Police to Sen. Todd Young: Meth is everywhere

Warsaw Police Officer Brad Kellar (left) makes a point during a meeting Thursday in a meeting with U.S. Sen. Todd Young Thursday in Warsaw. Kosciusko Coujntyh Sheriff is seen to the right. News Now Warsaw photo by Dan Spalding.
By Dan Spalding
News Now Warsaw

WARSAW — U.S. Sen. Todd Young came to Warsaw Thursday to hear from law enforcement and almost all of the hour-long session focused on the two-headed drug epidemic.

Police delivered a message on both methamphetamine and fentanyl.

Brad Kellar, the Warsaw Police Department’s public information officer wanted to make sure the senator knows how much of an impact meth is having in Kosciusko County.

“The amount of methamphetamine coming across the border, that’s coming into our communities is unreal. It’s very cheap and it’s everywhere,” Kellar said.

Kellar was one of several police officers who attended the roundtable meeting at city hall and was joined by Police Chief Scott Whitaker and Kosciusko County Sheriff Jim Smith. Also attending were Mayor Joe Thallemer and County Commissioner Cary Gronginer.

The meeting was part of the senator’s tour across northern Indiana and was the second time he met with law enforcement groups in recent days, according to a staff member.

Local officials conveyed that drug overdoses in Kosciusko County were worse than ever last year and police explained what they facing on the streets and the ways the community is coping with the addiction they see every day.

Young blames the fentanyl epidemic on China and cartels in Mexico.

He acknowledged — along with many others — that mental health and other issues often overlap in cases of addiction.

“It’s really heart-wrenching. Between the social media and the loneliness epidemic — it all seems to create this perfect storm where people are sicker than ever,” Young said.

Young expressed concern for the situation and called for more to be done. But he also pointed out that there is little appetite for new spending in Washington and that future efforts need to be cost-effective.

The Republican lawmaker appeared to reference Gov. Eric Holcomb’s legislative desire to increase spending for mental health treatment by the state.

“I have not been able to understand, for example, why we don’t have enough in-treatment bed space for mental health conditions and haven’t for a long time. I can’t figure this out. Why is this not a priority? But suddenly, the state is beginning to ask the hard questions and dedicate the resources to this,” Young said.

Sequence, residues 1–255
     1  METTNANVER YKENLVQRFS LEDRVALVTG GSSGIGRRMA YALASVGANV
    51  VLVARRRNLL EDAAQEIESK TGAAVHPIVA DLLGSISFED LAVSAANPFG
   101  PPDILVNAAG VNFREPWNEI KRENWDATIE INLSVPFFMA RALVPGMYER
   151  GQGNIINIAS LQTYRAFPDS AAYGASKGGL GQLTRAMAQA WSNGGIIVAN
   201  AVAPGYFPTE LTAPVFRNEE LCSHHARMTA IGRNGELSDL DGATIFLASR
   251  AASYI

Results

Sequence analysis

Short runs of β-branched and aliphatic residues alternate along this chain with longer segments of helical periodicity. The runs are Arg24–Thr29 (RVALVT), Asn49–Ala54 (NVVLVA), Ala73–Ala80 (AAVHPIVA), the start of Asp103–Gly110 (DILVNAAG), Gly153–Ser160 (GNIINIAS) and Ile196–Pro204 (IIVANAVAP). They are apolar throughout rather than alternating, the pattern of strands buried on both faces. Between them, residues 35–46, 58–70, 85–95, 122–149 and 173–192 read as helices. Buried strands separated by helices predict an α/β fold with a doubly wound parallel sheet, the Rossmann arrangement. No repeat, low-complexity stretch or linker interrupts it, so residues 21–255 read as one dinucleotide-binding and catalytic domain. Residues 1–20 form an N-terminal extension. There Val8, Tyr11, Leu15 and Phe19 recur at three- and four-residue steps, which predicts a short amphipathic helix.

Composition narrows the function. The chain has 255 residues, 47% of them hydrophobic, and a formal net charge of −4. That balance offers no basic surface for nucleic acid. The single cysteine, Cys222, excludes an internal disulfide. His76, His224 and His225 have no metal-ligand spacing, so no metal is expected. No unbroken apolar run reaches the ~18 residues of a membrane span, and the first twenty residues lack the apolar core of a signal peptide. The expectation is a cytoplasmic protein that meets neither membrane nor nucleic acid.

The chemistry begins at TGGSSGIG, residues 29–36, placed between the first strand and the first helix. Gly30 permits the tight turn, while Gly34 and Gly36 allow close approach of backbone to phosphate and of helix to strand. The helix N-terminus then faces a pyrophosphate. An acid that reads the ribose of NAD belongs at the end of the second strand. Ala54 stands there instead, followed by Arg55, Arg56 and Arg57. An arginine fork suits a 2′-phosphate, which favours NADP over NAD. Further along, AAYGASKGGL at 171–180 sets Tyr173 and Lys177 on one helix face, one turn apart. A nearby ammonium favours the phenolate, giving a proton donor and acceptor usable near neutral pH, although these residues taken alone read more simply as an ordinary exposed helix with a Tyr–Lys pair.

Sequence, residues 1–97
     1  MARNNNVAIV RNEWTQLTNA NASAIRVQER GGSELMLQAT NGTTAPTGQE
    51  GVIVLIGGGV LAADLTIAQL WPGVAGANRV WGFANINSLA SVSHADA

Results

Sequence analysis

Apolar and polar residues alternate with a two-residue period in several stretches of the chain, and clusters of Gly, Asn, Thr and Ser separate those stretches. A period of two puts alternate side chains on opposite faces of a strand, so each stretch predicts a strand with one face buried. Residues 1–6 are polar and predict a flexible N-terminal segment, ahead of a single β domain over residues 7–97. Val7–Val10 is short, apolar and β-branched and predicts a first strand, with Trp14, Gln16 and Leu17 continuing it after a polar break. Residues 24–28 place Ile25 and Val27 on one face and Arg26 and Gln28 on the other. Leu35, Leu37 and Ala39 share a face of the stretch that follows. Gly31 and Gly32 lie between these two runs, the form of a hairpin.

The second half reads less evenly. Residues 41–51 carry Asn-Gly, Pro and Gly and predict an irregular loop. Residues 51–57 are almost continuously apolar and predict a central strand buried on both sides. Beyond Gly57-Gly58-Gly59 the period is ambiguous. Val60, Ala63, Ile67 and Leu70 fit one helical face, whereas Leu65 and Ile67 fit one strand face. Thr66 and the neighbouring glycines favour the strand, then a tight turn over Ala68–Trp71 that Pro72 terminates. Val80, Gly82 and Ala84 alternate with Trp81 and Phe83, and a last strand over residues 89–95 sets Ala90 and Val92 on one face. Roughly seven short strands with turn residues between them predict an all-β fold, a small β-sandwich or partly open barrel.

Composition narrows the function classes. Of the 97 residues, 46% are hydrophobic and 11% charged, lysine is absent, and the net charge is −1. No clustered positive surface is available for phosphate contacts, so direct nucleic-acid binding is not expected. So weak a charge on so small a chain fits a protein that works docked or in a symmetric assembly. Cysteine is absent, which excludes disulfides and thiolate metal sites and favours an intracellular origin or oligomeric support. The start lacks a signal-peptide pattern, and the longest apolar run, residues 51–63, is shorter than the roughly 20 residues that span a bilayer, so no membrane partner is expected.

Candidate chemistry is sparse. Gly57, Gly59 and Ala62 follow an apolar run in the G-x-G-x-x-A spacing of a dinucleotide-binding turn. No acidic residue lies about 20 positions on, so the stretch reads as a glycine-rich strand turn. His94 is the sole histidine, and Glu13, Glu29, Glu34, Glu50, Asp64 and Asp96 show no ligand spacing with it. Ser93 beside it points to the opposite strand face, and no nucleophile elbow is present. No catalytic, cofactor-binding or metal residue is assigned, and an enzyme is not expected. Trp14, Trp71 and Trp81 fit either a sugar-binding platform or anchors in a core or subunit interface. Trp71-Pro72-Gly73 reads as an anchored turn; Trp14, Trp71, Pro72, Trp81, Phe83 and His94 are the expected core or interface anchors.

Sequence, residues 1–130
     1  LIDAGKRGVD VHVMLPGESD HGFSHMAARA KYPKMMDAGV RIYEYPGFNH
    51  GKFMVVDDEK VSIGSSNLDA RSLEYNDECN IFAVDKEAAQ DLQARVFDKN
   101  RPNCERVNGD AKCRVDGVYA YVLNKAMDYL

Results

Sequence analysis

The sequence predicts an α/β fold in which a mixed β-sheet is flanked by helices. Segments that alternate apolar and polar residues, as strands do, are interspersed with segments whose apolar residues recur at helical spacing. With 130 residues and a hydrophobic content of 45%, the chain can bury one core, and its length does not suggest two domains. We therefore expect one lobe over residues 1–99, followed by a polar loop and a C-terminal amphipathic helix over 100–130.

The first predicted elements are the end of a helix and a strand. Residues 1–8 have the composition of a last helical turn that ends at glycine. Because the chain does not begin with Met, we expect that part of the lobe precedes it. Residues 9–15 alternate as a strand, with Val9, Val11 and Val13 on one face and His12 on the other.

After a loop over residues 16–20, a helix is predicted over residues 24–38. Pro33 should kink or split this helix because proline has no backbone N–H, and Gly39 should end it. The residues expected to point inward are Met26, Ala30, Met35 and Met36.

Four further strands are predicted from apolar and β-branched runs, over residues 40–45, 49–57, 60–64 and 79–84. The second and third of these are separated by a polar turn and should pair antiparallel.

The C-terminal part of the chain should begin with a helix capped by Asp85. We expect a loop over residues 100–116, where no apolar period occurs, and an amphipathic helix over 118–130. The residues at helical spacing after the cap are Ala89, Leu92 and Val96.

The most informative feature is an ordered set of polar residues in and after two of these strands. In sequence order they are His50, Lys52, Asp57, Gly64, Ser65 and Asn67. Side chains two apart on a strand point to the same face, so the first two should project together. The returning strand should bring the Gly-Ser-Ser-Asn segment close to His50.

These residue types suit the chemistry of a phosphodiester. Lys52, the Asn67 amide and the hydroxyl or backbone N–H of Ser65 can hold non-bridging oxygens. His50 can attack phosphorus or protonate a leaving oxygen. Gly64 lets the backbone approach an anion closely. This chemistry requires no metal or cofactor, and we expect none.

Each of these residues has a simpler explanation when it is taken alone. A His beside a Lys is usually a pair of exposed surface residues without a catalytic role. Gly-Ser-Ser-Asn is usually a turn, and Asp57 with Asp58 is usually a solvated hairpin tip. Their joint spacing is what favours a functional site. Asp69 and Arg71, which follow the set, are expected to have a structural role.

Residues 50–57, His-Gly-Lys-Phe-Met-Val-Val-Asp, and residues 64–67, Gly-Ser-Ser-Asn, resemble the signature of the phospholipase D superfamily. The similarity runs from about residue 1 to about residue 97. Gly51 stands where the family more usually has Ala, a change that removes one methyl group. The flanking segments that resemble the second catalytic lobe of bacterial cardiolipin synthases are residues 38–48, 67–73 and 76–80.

Whitaker raised the issue of officer safety when responding to drug overdoses likely involving fentanyl, which now comes in the form of pills, and powder and sometimes is mixed with marijuana.

He pointed to recent cases in which officer come across a power that may well be fentanyl. e talked about new technology that can quickly detect the presence of fentanyl that could greatly benefit police. Those devices currently cost about $40,000.

Thallemer said the city can’t afford to provide all patrol officers with the equipment, but thinks it is needed.

Young had a frank response.

“I’ve never heard of this device and never thought critically of the exposure situation,” Young told the group.

Thursday’s stop in Warsaw was part of a tour across northern Indiana and it marked the second time this week that he’s met with police.

In this view of the roundtable discussion, Sen. Todd Young is seen in the middle with his back to the camera. He’s flanked by Kosciusko County Commissioner Cary Groninger on the left and Warsaw Mayor Joe Thallemer on the right. News Now Warsaw photo by Dan Spalding.
Sen. Todd Young is seen in the middle talking at a roundtable with law enforcement on Thursday in Warsaw.. He’s flanked by Warsaw Mayor Joe Thallemer on the left and Kosciusko County Commissioner Cary Groninger. News Now Warsaw photo by Dan Spalding.
Sen. Todd Young (center) listens to Warsaw Mayor Joe Thallemer on the left as Kosciusko County Commissioner Cary Groninger watches. News Now Warsaw photo by Dan Spalding.